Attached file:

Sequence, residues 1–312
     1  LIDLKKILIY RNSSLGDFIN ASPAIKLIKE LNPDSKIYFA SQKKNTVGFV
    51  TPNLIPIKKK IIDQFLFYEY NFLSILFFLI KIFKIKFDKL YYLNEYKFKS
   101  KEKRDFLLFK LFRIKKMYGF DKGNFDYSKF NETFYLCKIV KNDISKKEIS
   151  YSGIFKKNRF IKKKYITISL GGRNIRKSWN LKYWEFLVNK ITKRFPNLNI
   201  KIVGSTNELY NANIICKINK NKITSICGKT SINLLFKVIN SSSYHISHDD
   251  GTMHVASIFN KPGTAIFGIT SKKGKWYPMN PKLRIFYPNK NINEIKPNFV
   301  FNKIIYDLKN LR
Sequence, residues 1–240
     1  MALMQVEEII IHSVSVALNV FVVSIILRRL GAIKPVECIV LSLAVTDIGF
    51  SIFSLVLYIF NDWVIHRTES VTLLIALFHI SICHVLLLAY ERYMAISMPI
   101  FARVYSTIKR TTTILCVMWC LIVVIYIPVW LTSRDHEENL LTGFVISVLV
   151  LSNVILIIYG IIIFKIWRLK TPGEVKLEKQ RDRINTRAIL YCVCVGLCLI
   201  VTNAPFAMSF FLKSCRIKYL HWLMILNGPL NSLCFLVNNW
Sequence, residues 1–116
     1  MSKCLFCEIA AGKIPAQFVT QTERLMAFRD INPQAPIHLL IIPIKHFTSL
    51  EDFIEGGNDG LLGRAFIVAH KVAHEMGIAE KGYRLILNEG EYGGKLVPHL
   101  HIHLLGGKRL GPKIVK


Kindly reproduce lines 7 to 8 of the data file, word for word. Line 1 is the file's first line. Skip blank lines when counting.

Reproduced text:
   251  GTMHVASIFN KPGTAIFGIT SKKGKWYPMN PKLRIFYPNK NINEIKPNFV
   301  FNKIIYDLKN LR